Chapter 21

Ten Days that Shook the (Financial) World

In This Chapter

arrow Misreading causes and effects

arrow Countering conventional wisdom

History is written by the victors.’ So said Winston Churchill. Er, not quite. Churchill actually said in a debate with Prime Minister Stanley Baldwin that he was confident history would find Baldwin in the wrong, ‘because I shall write that history’. So, what’s the point? The point is: don’t believe everything you read. Survivors write accounts of financial disasters; financial risk managers have more need to understand the decisions taken by the losers. Here are ten, mostly one-day financial disasters whose popular accounts misstate the financial risk management lesson.

If you have a serious interest in financial risk management, I urge you to do in-depth research on all these episodes. The capsule summaries in this chapter have been simplified to a high degree. Mulling over the complex ins-and-outs, the might-have-beens and the variety of people and motivations involved can help you gain the nuanced perspective necessary to make forward-looking risk judgements.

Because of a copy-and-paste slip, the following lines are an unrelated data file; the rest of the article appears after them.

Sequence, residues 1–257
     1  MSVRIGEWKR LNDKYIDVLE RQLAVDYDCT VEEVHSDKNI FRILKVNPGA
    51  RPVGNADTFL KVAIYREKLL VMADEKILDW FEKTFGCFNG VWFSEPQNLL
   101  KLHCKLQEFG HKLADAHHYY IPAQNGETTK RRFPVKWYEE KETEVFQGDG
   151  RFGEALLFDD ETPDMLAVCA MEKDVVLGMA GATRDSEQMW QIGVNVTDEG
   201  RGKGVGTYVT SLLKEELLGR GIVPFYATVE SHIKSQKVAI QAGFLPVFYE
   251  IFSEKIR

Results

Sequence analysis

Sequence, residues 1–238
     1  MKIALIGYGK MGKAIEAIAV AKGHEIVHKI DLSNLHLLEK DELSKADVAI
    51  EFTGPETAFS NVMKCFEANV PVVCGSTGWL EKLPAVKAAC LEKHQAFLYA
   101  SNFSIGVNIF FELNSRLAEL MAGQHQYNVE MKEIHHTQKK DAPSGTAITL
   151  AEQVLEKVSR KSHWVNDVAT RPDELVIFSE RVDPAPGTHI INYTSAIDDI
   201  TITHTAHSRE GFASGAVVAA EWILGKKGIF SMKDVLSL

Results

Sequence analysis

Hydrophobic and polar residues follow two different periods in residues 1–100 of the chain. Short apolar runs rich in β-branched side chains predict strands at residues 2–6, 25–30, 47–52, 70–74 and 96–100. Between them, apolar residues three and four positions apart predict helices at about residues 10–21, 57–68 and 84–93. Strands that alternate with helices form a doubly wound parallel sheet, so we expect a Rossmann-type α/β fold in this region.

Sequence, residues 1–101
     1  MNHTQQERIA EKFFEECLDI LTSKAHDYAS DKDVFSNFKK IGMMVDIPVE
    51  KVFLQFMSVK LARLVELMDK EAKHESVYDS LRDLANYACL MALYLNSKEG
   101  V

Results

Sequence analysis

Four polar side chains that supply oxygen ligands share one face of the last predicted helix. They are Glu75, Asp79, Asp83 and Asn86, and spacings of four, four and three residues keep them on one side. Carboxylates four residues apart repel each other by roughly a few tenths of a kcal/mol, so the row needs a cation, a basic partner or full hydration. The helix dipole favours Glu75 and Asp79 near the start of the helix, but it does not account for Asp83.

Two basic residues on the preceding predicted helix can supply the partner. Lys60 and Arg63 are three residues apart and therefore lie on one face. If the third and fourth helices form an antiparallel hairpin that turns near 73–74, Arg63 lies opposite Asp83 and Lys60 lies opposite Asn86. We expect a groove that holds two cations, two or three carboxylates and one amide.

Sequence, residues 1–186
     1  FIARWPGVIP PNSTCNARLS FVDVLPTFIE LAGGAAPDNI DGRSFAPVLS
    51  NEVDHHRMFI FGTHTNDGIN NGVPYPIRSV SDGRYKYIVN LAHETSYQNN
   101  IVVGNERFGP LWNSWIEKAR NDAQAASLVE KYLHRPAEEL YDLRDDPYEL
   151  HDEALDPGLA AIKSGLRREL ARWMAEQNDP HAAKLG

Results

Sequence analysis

3 February 1637: Tulipmania

Conventional wisdom: Holland went crazy in a frenzy of speculative trading and bid the price of tulip bulbs to unsustainable levels.

The popular account of Tulipmania ...

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